The Van

The twelve of us shivered in an awkward, don’t-touch-me sort of penguin huddle in a parking lot, waiting to load our luggage into the vehicles. We were about to get underway on a week-long choir tour of the Northwest, and I was no longer sure that it was going to be the exciting adventure I had told myself it would be. I was also the official driver of the large white fifteen-passenger van that functioned as our luggage transport and carried six people, including myself. I had never driven one before. It felt like a Great Dane cavorting through Grandmother’s crystal when we passed through the midst of gleaming, new swathes of vehicles on the interstate. The least mis-step threatened collision, stopping took much longer than was reasonable, and the problem child that was our gas pedal only responded to abusively heavy treatment.

The wind was picking up and the sky was spitting menacingly when we scraped our piles of assorted suitcases, bags, backpacks, dufflebags, instrument cases and equipment together, loaded it in like a Tetris puzzle and then began to sort out who wanted to ride in the mini-van and who wanted to ride the dangerous looking behemoth. As people wavered, and looked longingly at the new air-conditioned, sparkling, sporty minivan, I turned to my charge and was underwhelmed. No cushy individualized seating here, just one-size-seats-all benches. No slick passing and slipping between traffic, but slow waits and oh-come-on muttering. I could see the gloomy looks settling into the faces of those around me who were considering the whole week-long trip they faced in this bottom-heavy monster. Then, out of the grey sky, a curious little mood lighted on my mind. This was going to be good. I wanted the challenge. I wanted to wrestle the behemoth and show him what I could do and make it respect me. I wanted, suddenly and oh so badly, for everyone to want to ride my bus. I could not promise comfort, but the muse was tickling, and one thing I knew I could promise: a good time. In an inspired moment, I circled my right hand high in the air like I was rounding up a squad of soldiers, and shouted “If you’re all ready, the Fun-vee is rolling out.” The muse pulled off the unlikeliest of shots, and there it was: that magical hint of a smile on one girl’s face, and then it was all over the place, like someone let loose a toddler with a marker. Everyone smiled, and in that moment, the trip was made. The individuals galvanized, grouped, and entered the van like a single unit. If I was going to be a bus driver, then I was going to be a lively one. I don’t know if the behemoth was fishing for me, or me for it: but either way, it was in for a ride.

The doors slammed as the grey sky broke and fell in on us, too late to soak us, huddled inside our van with a rear full of luggage, instruments, and expectations. It was snub-nosed, ugly as sin, and if it ever tried to twerk, we’d have needed the Richter scale to properly judge it, but beyond all reason and common sense, it was ours. I have never felt so possessive of anything in my life, except my wife: and I know that my occupants felt the same way. How did I know? Except for once, all week, not one of my passengers ever tried to switch out of the big van. In fact, we talked about the other vehicles in a tone of slight pity, as if they wished they could all be driving with us. It probably wasn’t true: really it wasn’t at all, but it was, for us. They weren’t members of the Fun-vee, which was clearly a prestigious and exclusive privilege, bestowed once, and discontinued thereafter. Whatever happened, we were a gang for a week, and Lord, but we had fun. There was a time I had to request a break from the fun because my mouth hurt from smiling too much, and my driving was clearly suffering when I laughed long and loud. Yes, that thing was a behemoth. But true to biblical prediction, we would never forget the attempt to ride him.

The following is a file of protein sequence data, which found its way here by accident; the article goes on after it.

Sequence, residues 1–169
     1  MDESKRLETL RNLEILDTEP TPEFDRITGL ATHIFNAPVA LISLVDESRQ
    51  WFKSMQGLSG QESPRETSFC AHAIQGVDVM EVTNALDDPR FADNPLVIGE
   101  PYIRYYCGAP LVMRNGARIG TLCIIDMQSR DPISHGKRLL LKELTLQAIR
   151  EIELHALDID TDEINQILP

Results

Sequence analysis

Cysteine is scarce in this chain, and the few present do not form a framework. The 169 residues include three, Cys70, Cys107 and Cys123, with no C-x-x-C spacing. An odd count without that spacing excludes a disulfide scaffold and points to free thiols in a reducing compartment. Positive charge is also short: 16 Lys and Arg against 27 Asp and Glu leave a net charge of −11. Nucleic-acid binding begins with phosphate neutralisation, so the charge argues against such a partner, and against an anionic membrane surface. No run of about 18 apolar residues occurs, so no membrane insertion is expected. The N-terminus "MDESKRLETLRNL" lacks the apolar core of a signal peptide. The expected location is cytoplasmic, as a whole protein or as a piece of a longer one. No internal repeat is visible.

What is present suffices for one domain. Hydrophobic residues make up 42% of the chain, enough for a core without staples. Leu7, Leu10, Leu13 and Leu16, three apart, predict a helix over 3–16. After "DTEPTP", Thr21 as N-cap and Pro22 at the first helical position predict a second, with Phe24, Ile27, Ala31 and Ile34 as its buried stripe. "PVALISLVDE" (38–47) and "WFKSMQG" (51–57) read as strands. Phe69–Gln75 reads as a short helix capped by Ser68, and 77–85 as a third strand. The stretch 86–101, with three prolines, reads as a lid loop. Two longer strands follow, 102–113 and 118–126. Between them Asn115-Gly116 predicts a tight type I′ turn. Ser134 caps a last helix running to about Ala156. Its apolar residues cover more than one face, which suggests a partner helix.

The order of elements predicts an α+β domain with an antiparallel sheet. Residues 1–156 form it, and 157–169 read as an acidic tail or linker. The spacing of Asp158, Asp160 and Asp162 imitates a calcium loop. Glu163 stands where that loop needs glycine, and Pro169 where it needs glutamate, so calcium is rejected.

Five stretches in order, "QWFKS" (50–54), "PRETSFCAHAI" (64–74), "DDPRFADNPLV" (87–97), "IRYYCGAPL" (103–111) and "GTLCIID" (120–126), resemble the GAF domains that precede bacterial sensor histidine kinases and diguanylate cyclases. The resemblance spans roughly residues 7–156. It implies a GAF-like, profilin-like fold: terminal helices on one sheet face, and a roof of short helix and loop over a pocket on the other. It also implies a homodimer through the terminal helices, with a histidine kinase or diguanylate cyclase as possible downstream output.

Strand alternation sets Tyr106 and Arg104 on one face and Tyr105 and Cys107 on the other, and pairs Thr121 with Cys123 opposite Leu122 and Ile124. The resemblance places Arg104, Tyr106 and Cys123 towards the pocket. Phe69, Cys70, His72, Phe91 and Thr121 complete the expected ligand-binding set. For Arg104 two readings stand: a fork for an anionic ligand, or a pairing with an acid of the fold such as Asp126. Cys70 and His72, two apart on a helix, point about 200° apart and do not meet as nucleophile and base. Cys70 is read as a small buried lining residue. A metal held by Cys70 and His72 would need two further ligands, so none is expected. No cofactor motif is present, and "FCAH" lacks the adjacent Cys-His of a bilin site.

Two

The two feet that carry me
Through my Sunday-blessed,
Sun-blessed world,
They carry me past those two squirrels,
Chattering in their tree-war.

Those two dogs, one black,
His brother white,
Chasing eternally cheerful
After the ball, the ball,
The wonderful ball
Look look look there it goes –

And the two lovers talking
Side by side under the sleeping bag
On the stage in the park.
They know they have a good thing,
However their hearts came by it.

And there were two robins,
But now there are three,
Worm-grubbing with sidelong glances,
Maybe to balance me,
Here alone in the afternoon:
But they’re wrong, for I am sitting with the sun,
Chance companions,
Both beaming,
The two of us.

None of which is to say
That I would never seek another
To walk by the side of.
And she and me
Would walk under the sun where
He waits, expectant, now that I have someone else,
Waiting for his own beloved moon.
That’s the way the world works.

Storm Baptism

Storms in the sky-deep, a tyrantous roar,
Drumming the heavens a-tremble,
Like God-spoken waters on infinite shore,
Waves rumble.

Ira diei: the thunder’s reply,
Promethean flame full of glory.
Lightning, fire-phoenix, will flash and will fly,
White fury.

Blazing and hammered, the sky-deeps will flow,
Noah’s water released once again:
A baptism on our repentance below,
Cleanses sin.

 

Ye Knight Bertram (in imitation of Spenser)

(A quick note. The “v’s” tend to be “u’s” and vice versa. There are also several “j’s” as “i’s”. If you think that’s ridiculous, you should read the original Faerie Queene, by Edmund Spenser. It’s way harder.)

The gentle knight vpon his fire-hearted steed around that lake
Did canter, spear in hand, precaution against foul mischief’s hand
Awaiting th’revelation of his foe’s abhorrent shape, the drake